MJ: I'd tell them to go for it. But I would not mince any words about how difficult this industry is. I would tell them that natural talent is a dime a dozen. Natural talent plus technique is less common. But natural talent plus technique, plus the ambition and drive one needs to make something of themselves in a creative medium is rare. My parents always encouraged me to make music. They both played and performed, wrote songs... they never discouraged me to do that as a career. They also told me how hard it would be, as did all my professors at Tisch. I will always be grateful for the support I received, but also the knowledge that it would be most difficult. I just hope my children have something they are passionate about and good at. I like to encourage all children to find out what they're good at. I got bullied a lot growing up, and music was what always picked me up, and kept me going. I don't know if I would have ever had any self-esteem to speak of without being good at something, and then in turn being encouraged to do it.

Byrne: If you start don't ever stop.

SP-M: Byrne, you've mentioned you learned to play banjo from the Internet. What resources, beyond YouTube, would you recommend to musicians looking to expand their repertoire?

Byrne: It depends on what your interests are. When I started playing banjo there were lots of great free resources on the internet for learning and since then it's probably multiplied tenfold. I initially found a video called "Rocket Science Banjo". I emailed the fellow who did it. He sent me some free tabs to help me learn the instrument. Recently I found a great website called Banjo Meets World, which is run by a woman who arranges unusual traditional songs (Eastern European, Turkish, Scandenavian, etc.) for clawhammer banjo. The Library of Congress website (www.loc.gov) has a great section called American Memory which touches on a lot of music ranging from Civil War era marching band charts to pop songs of the late 1800s to Appalachian music.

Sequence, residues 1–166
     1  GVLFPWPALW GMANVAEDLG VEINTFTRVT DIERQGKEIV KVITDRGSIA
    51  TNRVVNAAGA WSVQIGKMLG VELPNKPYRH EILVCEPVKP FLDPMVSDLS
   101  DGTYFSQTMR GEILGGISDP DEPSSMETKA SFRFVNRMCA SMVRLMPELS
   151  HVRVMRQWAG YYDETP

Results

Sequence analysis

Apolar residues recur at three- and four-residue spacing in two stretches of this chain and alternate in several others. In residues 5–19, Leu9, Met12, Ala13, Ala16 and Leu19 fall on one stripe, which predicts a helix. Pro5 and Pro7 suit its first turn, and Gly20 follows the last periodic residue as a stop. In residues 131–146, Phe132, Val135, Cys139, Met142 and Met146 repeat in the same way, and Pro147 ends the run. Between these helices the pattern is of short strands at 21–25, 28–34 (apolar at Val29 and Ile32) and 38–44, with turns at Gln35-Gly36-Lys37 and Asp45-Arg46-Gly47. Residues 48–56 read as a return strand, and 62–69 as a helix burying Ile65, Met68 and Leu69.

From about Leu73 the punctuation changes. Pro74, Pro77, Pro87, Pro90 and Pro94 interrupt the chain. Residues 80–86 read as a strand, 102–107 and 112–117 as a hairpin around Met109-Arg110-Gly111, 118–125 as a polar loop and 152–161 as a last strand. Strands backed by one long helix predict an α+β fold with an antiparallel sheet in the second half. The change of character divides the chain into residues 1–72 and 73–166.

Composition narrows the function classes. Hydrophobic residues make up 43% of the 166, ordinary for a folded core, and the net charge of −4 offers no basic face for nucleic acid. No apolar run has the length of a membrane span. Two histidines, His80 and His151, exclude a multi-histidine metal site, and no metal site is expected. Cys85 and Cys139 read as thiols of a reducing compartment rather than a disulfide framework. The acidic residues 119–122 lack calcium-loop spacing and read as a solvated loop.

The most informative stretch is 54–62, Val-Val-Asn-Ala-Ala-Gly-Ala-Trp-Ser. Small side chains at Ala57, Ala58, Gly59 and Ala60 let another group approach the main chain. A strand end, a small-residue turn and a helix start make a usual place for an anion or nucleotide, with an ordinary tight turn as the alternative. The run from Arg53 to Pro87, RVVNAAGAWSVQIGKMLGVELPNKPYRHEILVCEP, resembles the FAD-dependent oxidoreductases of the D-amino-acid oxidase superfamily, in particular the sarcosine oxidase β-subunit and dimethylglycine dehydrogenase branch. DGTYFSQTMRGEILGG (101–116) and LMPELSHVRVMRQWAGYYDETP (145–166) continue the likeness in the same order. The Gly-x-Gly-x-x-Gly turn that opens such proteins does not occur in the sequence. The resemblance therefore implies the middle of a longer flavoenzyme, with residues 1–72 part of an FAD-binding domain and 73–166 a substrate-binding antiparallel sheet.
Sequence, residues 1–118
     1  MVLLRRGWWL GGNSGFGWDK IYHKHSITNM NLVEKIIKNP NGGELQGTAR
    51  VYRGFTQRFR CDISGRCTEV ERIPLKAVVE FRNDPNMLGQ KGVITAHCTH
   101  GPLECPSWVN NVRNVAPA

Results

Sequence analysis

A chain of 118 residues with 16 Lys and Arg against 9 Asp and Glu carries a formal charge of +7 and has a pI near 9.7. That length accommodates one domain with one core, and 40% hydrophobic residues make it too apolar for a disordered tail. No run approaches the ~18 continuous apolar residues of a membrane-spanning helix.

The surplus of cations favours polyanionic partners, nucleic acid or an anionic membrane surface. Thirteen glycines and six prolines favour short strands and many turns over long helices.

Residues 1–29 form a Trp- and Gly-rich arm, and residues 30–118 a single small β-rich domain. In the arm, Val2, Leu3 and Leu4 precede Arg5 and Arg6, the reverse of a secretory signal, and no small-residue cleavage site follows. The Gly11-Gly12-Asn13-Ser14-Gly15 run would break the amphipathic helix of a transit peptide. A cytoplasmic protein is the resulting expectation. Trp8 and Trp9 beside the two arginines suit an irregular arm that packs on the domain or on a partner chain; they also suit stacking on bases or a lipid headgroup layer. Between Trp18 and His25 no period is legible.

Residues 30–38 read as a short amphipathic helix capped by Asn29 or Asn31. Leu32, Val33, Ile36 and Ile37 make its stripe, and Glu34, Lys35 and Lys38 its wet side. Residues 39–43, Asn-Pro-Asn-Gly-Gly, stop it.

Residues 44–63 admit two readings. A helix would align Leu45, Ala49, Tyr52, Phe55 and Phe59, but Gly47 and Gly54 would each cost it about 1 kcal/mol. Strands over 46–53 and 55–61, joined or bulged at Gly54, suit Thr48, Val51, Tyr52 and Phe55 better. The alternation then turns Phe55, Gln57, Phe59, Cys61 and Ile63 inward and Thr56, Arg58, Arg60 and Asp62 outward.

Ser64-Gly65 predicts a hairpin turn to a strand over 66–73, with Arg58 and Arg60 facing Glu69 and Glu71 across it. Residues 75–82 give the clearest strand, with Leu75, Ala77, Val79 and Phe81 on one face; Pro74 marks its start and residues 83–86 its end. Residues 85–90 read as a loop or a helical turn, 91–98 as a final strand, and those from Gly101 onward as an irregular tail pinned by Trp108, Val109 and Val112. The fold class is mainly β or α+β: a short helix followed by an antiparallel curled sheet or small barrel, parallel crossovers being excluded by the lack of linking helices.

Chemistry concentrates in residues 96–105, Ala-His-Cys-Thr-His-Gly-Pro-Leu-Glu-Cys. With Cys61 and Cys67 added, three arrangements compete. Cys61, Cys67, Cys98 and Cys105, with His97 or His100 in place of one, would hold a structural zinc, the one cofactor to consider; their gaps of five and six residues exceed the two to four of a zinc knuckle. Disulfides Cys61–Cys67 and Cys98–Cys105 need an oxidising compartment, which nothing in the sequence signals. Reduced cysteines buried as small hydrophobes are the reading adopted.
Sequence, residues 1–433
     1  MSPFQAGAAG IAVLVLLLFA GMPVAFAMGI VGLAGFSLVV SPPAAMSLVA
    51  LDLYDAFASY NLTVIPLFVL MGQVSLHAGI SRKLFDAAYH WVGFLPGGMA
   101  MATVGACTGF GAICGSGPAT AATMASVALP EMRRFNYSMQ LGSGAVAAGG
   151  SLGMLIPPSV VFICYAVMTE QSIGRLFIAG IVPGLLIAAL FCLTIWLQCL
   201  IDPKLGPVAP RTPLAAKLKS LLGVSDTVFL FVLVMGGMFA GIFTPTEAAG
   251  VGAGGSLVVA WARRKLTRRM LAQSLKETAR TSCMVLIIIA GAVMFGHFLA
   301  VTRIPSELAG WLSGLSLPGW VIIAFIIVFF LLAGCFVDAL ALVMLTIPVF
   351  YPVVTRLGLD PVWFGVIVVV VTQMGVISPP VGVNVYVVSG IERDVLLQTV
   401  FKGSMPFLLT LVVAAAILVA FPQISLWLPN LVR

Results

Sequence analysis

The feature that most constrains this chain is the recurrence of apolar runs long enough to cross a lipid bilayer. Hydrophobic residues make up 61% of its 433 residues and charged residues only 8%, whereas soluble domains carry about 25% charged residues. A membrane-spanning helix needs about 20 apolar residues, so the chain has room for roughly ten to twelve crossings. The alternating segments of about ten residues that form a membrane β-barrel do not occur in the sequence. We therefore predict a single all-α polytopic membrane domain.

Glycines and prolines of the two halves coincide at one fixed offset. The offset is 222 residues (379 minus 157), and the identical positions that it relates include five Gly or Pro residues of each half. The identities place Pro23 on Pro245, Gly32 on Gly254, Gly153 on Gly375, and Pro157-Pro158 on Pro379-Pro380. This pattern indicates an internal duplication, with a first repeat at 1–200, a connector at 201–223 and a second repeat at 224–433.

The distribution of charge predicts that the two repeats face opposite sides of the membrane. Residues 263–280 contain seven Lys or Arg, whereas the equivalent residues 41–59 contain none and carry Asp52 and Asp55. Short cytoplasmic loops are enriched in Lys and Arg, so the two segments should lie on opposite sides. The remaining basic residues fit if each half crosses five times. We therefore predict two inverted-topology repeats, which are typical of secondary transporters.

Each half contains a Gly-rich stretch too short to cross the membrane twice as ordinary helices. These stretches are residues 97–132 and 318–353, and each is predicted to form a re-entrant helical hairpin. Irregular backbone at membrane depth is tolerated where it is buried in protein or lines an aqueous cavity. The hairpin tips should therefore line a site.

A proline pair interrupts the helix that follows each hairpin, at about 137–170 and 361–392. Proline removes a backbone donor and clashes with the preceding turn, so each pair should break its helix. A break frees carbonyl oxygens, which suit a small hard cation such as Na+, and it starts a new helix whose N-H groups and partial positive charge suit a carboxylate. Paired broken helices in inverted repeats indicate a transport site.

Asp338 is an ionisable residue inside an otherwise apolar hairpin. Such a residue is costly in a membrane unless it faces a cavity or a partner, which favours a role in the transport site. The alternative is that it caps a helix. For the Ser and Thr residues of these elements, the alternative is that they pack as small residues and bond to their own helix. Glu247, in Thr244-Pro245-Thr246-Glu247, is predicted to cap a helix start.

The internet is great for learning different or obscure ideas and concepts, but nothing compares to being around great musicians playing a certain kind of music a certain way. Like I said earlier, music is about the musicians body in relation to the instrument. Even electronic music mimics those principals. Being around people who know the right moves is not the same as checking out something online. The cerebral aspect of music is great, but at the end of the day it's that crude visceral part that hits it home. That's the feeling that people crave from music.

SP-M: You perform some very eclectic covers, everything from Michael Jackon's "Thriller" to a thumping version of Salt-n- Pepa's "Shoop". How do you choose your covers and tailor them to your sound?

MJ: I listen to a lot of different stuff. Our covers really are our favorite songs, but done with the ridiculous limitation of just two people. It's pretty funny actually, trying to encompass "Thriller" with a guitar, bass, voice, and drum. You boil the song down to its essential parts, and then have fun. There's no point in covering something to make it sound just like the original. It's no fun either. The tailoring comes from playing it every night for months while it's developing. you tweak it here and there, try new things, and then finally you find what makes people go the most wild. We have a few weirdo covers that get the skeptics on your side, they just want to know we aren't as weird as they think we are, that we have some musical common ground. We never have the heart to tell them we are MUCH weirder than they could possibly be ok with.

Byrne: Whatever feels good. We don't think too hard about it. We might try a song out for fun and if it feels good we let it develop without too much of a vision. If it doesn't feel right we move on. We do that for fun. It's not something we're serious about.

SP-M: Thanks for sharing your adventures and your music! Good luck with the new album and Kickstarter! 

Below are the links for their Kickstarter and other web sites.

Author Bio: Mark Rossmore
Mark Rossmore has released three atmospheric albums of steampunk-inspired music as Escape the Clouds. A multimedia artist who enjoys telling dramatic stories, he has self-produced three acclaimed music videos and is a published author of steampunk short fiction, aviation articles, and music-related non-fiction. Learn more about his music, videos, and writing at: http://www.EscapeTheClouds.com .

It means something different to everyone. To see how the artists themselves define it...